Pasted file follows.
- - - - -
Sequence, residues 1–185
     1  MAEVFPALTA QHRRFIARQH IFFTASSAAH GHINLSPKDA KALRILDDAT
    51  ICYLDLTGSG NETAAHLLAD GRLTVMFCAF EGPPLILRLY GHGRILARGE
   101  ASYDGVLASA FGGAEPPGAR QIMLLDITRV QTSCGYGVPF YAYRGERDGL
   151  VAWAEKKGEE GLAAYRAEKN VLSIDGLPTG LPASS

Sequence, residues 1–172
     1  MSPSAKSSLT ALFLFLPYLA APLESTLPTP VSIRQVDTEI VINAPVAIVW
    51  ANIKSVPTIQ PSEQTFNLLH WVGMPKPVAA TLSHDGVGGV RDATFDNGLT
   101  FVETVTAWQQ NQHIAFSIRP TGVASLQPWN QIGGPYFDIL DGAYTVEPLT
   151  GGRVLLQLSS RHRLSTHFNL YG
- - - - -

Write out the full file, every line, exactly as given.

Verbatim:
Sequence, residues 1–185
     1  MAEVFPALTA QHRRFIARQH IFFTASSAAH GHINLSPKDA KALRILDDAT
    51  ICYLDLTGSG NETAAHLLAD GRLTVMFCAF EGPPLILRLY GHGRILARGE
   101  ASYDGVLASA FGGAEPPGAR QIMLLDITRV QTSCGYGVPF YAYRGERDGL
   151  VAWAEKKGEE GLAAYRAEKN VLSIDGLPTG LPASS

Sequence, residues 1–172
     1  MSPSAKSSLT ALFLFLPYLA APLESTLPTP VSIRQVDTEI VINAPVAIVW
    51  ANIKSVPTIQ PSEQTFNLLH WVGMPKPVAA TLSHDGVGGV RDATFDNGLT
   101  FVETVTAWQQ NQHIAFSIRP TGVASLQPWN QIGGPYFDIL DGAYTVEPLT
   151  GGRVLLQLSS RHRLSTHFNL YG